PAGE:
But while we, as a single nation, can provide aid and support peace and stability, this is not something we can accomplish alone. We must work with other members of the global community, particularly the United States, to solve these problems in our region. The US cannot deal with them without us. And we cannot deal with them without the United States. And I am confident that, together, we will be able to find solutions to the challenges that confront us.

Together, we can forge unity in Iraq. Together, we can find a peaceful two-state solution to the Palestinian-Israeli conflict. Together, we will continue to support stability and peace in Afghanistan. And together, we can ensure there is an open dialogue between the world and Iran in order to avoid potential conflict. Because each cause is critical.

Ladies and Gentlemen,

Throughout human history, we, as a community of nations, have always found the strength and resolve to overcome even the greatest challenges. Because it is the hope of success that makes us feel our humanity. So tonight, I lay down the following challenges for all of us.

First, to Saudi Arabia, I challenge ourselves to meet the needs of our youth and ensure that they have the education, the tools and the means to help change the world, and become a force for good and tolerance.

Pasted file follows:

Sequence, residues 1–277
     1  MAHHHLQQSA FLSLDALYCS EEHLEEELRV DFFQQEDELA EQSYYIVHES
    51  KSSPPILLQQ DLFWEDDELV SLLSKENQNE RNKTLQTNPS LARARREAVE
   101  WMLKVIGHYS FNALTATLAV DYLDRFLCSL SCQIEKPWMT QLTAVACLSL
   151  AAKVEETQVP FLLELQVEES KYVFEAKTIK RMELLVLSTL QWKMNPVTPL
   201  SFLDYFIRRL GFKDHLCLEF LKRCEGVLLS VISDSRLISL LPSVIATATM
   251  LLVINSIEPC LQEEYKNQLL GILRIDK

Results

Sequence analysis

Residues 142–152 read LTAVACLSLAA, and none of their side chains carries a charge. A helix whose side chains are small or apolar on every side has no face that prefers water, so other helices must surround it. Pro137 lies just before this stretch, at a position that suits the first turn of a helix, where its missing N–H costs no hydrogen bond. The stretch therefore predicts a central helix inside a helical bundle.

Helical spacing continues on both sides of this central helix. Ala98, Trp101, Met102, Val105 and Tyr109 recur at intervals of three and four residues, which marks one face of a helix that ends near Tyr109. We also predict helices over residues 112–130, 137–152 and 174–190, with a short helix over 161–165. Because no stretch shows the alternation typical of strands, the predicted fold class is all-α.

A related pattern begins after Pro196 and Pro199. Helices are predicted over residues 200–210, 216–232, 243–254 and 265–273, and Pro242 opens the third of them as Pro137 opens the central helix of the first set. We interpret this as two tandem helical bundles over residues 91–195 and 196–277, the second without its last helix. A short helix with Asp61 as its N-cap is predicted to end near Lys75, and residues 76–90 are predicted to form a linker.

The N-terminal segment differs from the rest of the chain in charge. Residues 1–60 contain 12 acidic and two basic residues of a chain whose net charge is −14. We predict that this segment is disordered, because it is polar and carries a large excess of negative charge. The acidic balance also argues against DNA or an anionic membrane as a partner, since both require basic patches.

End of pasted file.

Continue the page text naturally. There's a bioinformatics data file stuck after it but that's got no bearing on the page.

I challenge the Palestinian people to give up the armed struggle and follow the spirit of Mahatma Gandhi and Martin Luther King by engaging in civil disobedience instead of violence, even in the face of Israeli guns. Violence is the weapon of the weak; non-violence is the weapon of the strong.

I challenge the Israeli people to give up their illegal, immoral and colonial occupation of Palestine.

I challenge the United States to use the power and abilities with which God has blessed this great nation to bring about an end to the Palestinian/Israeli conflict through the implementation of the President’s Roadmap.

And I challenge the Arab-Americans in this audience tonight to take a more active part in resolving the conflicts that exist in the world today. We must compel the governments of the world to take the required actions to end the injustices that fuel tensions, distrust, hatred and violence.